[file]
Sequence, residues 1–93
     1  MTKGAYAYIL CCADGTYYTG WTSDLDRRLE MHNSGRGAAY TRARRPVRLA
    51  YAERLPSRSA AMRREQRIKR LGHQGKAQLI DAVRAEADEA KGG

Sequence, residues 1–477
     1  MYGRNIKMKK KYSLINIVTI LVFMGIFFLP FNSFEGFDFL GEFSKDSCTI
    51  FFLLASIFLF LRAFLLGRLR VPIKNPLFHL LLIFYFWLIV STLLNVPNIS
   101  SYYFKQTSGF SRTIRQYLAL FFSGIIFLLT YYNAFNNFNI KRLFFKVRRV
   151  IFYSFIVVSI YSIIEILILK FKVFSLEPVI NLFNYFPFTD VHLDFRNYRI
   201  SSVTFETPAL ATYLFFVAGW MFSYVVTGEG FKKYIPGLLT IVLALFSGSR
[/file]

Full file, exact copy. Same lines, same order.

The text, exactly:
Sequence, residues 1–93
     1  MTKGAYAYIL CCADGTYYTG WTSDLDRRLE MHNSGRGAAY TRARRPVRLA
    51  YAERLPSRSA AMRREQRIKR LGHQGKAQLI DAVRAEADEA KGG

Sequence, residues 1–477
     1  MYGRNIKMKK KYSLINIVTI LVFMGIFFLP FNSFEGFDFL GEFSKDSCTI
    51  FFLLASIFLF LRAFLLGRLR VPIKNPLFHL LLIFYFWLIV STLLNVPNIS
   101  SYYFKQTSGF SRTIRQYLAL FFSGIIFLLT YYNAFNNFNI KRLFFKVRRV
   151  IFYSFIVVSI YSIIEILILK FKVFSLEPVI NLFNYFPFTD VHLDFRNYRI
   201  SSVTFETPAL ATYLFFVAGW MFSYVVTGEG FKKYIPGLLT IVLALFSGSR